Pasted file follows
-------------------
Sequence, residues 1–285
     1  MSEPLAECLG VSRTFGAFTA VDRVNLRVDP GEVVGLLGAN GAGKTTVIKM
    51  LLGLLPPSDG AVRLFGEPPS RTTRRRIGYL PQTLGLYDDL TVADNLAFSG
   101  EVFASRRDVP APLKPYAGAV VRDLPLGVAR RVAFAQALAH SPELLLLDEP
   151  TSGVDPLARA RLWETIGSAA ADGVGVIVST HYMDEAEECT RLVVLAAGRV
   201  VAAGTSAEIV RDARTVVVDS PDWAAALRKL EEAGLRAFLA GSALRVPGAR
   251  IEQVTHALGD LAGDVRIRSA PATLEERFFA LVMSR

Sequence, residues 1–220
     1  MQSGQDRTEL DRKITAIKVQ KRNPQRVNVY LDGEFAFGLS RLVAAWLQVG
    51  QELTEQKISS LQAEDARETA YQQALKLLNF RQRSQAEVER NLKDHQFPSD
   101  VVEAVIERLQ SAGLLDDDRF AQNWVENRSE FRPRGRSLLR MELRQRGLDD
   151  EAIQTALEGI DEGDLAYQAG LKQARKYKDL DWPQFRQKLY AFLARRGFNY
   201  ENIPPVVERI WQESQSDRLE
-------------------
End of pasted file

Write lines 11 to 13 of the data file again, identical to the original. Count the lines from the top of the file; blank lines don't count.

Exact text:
   101  VVEAVIERLQ SAGLLDDDRF AQNWVENRSE FRPRGRSLLR MELRQRGLDD
   151  EAIQTALEGI DEGDLAYQAG LKQARKYKDL DWPQFRQKLY AFLARRGFNY
   201  ENIPPVVERI WQESQSDRLE